YORKTOWN AT WAR
The terrorist attacks of 9-11 occurred less than three months from the 60th anniversary of the attack on Pearl Harbor. On September 10th, people of Yorktown were busy with their every day activities. By September 12th it was clear that this town, along with all of America, had been changed by an event which has been compared to the December 7, 1941 attack on Pearl Harbor.
The Yorktown Herald, predecessor to The North County News, captioned in its weekly paper on December 11, 1941, “Yorktown Is At War”:
“In the past, wars were fought on the actual battle front, but today war has a new battle front-the Home Front, where grim determination and hard discipline and the gravity of risk has neither excitement of battle nor good fellowship of comrades. The morale of armed forces is not as likely to break as the morale of civic population under grueling attack from the air, the demoralizing effect of death to women and children, fire and confusion.”
Sixty years later, those words are pertinent today; however, they weren’t exactly true, then or now.
“Yorktown At War” is the title of a book by John Martino, which chronicles the events of the Revolutionary War right here on the “Home Front”- the town of Yorktown, NY. In 2006, America will celebrate the 225th anniversary of the Revolutionary War, marking its victory over Great Britain with the battle of Yorktown, Virginia. It was during that war, the first actual American “civil war”, when the “Battle Front” and the “Home Front” were one and the same.
This town’s response to 9-11, besides shock, anger and fear, was to gather our loved ones close to us and look to the “Home Front” for comfort and solace. We withdrew to our dens, our shelter, and mourned the loss of so many innocent lives.
In 1942 a proactive call was sent out, by President Franklin D. Roosevelt, for all Americans to participate in the war effort. The December 11, 1941 issue of the Herald proclaimed “The Home Front must be organized-the agency for its organization is the local Defense Council-Yorktown is at War.” The succeeding issues of the Herald were focused increasingly on the “Home Front”. A new weekly column appeared on the front page on December 18th called “Bulletins On Defense”. It was used to inform Yorktown residents how to react during an attack, how to ration, information on subversive activities, evacuation, Red Cross courses, air warden training, etc., all geared to ready the civilian population in the event of an enemy attack.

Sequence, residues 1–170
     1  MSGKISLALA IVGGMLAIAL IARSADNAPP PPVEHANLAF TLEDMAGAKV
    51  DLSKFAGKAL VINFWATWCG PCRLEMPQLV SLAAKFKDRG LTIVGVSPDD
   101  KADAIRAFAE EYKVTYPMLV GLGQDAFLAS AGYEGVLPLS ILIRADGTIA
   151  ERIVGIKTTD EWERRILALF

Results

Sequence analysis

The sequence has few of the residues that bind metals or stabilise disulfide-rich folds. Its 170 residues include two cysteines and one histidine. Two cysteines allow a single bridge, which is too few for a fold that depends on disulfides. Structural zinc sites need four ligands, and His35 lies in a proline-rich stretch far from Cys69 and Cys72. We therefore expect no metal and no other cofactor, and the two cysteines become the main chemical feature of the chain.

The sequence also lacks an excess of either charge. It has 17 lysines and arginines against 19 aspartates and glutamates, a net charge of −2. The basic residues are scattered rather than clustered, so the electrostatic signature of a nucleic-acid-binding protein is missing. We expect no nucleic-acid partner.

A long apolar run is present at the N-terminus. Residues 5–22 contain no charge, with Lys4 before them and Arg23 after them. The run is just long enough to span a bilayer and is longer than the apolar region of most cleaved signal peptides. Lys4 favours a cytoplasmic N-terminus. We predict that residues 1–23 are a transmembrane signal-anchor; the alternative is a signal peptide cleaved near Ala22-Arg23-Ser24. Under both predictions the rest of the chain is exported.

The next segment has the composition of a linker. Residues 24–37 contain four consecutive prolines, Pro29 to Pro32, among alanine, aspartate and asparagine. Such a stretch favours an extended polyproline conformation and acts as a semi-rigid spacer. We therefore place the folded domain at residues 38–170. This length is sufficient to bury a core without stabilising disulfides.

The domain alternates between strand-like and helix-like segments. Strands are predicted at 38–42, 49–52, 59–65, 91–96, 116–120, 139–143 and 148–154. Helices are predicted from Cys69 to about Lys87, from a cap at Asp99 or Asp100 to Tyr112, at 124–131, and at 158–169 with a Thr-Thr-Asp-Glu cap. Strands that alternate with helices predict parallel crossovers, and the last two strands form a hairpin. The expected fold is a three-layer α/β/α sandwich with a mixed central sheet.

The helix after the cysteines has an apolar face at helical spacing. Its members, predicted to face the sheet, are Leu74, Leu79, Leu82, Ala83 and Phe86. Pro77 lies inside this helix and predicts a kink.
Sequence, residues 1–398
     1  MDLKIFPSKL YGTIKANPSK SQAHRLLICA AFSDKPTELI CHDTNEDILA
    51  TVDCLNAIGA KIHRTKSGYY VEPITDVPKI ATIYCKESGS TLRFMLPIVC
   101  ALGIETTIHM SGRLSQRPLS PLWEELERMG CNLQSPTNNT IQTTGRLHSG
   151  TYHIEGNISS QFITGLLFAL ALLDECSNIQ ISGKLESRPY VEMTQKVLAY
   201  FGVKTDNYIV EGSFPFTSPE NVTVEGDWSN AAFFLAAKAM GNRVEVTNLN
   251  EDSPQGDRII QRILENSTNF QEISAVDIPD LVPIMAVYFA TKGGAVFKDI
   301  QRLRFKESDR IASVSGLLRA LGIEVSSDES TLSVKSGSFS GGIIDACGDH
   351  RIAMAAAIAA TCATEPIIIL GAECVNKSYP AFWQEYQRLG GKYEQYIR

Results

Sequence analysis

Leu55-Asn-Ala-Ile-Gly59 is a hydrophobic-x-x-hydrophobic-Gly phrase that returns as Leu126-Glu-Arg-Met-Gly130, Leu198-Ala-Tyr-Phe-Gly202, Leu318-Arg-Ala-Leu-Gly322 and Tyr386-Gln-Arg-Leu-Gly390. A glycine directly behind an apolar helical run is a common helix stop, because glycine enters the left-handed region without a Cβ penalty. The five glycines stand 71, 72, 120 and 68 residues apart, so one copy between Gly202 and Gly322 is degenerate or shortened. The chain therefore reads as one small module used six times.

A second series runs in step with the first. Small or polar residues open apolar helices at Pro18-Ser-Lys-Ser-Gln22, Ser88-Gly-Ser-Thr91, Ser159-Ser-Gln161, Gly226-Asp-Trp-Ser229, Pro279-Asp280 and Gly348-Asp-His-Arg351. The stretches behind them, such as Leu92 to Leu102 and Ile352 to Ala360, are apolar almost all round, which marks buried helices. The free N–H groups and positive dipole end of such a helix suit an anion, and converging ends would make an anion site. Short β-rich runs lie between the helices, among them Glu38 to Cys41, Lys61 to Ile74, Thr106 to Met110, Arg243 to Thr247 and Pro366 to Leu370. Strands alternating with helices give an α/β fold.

Today, we realize that our enemy is invisible and among us. There is little we can do to protect ourselves from attack, when the attack may come in our mail or drinking water. President Bush has asked Americans to continue with their daily lives. Quite a different approach, given the fact that more American civilians died on U.S. soil on September 11th than in the bombing of Pearl Harbor or throughout World War II.
The Home Front is not a “new” battlefront, as the Herald’s article declared. Martino’s book “Yorktown At War” describes the actual march of armies through Yorktown, NY: raids, skirmishes and battles fought between, on one side British soldiers, with the help of German Hessians and American Loyalists, and on the other the American Revolutionary “Patriots” and the French. The home battlefront, as stated before, was also the first real civil war among Americans, most of whom had ancestral ties to Great Britain.
Westchester was declared the “Neutral Ground”, but unlike Swiss neutrality, it actually took sides. The population was divided in thirds: one third was loyal to the King of England and the “Mother Country”; one third was ready to revolt against the government it believed was oppressive and tyrannical; and one third was unable to choose a side because of mixed loyalties. The division lines were non-existent. Divisions were created among families, neighbors, friends, and business partners. The clergy and its congregations were divided, as were local leaders and politicians. The local revolutionary militiamen wore uniforms; however, there was nothing to identify the loyalty of an ordinary man or woman.